NEW YORK - The Statue of Liberty, closed since the destruction wrought by Superstorm Sandy, will reopen to the public this Fourth of July as Americans across the country mark the holiday with fireworks and barbecues.
The National Park Service was expecting a large crowd for the holiday and ribbon-cutting ceremony at Liberty Island with federal officials and New York's mayor. Some repairs to brick walkways and docks are still underway, but much of the work has been completed since Sandy swamped most of the national landmark's 12-acre site.
The statue was spared in the fall storm, but Lady Liberty's little island took a serious beating. Railings broke, docks and paving stones were torn up and buildings were flooded. The storm destroyed electrical systems, sewage pumps and boilers. Hundreds of National Park Service workers from as far away as California and Alaska spent weeks cleaning mud and debris.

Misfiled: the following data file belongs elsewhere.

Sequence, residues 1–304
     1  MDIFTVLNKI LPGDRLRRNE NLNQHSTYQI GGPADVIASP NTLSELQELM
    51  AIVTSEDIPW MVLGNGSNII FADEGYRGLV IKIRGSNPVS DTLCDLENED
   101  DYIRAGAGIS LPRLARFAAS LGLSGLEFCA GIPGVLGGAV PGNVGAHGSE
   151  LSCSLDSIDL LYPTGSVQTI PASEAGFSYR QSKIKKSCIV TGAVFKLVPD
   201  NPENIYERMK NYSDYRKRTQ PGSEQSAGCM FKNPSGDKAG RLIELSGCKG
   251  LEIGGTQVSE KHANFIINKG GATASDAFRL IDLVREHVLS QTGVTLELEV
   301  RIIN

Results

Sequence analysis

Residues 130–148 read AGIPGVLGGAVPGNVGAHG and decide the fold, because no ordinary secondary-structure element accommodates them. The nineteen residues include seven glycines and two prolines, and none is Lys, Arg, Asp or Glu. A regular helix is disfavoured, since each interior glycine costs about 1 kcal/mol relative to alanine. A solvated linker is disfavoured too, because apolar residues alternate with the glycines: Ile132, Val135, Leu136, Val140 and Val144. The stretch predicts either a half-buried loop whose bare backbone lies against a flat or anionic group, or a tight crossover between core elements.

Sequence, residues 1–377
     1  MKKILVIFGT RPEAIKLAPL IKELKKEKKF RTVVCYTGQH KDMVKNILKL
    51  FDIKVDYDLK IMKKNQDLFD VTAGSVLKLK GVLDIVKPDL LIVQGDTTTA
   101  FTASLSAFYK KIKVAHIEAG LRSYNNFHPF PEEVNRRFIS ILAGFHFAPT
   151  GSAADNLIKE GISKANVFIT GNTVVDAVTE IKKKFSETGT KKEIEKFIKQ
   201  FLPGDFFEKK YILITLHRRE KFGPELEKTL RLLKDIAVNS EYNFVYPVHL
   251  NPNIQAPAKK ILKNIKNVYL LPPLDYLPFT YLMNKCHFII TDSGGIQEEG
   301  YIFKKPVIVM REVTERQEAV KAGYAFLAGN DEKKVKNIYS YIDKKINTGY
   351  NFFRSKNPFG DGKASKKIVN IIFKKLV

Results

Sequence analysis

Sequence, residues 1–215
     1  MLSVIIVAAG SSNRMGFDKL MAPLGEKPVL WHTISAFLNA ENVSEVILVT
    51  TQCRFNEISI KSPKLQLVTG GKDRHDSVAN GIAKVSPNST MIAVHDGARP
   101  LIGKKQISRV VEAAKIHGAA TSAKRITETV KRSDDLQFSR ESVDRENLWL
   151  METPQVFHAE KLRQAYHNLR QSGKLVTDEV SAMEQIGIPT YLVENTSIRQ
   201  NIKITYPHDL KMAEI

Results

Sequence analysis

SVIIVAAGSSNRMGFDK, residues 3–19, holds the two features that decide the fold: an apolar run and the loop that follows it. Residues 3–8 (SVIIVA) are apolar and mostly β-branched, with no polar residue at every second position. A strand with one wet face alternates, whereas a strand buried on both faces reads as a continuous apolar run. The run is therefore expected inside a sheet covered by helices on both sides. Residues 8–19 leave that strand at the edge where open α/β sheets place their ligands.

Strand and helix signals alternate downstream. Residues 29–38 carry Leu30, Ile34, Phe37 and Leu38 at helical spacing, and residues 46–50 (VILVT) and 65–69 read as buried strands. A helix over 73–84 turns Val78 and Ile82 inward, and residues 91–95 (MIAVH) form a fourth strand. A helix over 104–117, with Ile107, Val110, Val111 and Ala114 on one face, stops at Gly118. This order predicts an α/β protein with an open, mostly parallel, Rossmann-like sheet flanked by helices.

Visitors to Lady Liberty will go through security on lower Manhattan, after city officials criticized an earlier plan to screen them at neighboring Ellis Island, which endured far worse damage to its infrastructure and won't be open to the public anytime soon. The damage to both islands was put at $59 million.
New Yorkers will also be treated to the annual fireworks display over the Hudson River with performances by Faith Hill, Tim McGraw and Taylor Swift, and the Nathan's Original hot dog eating contest on Brooklyn's Coney Island.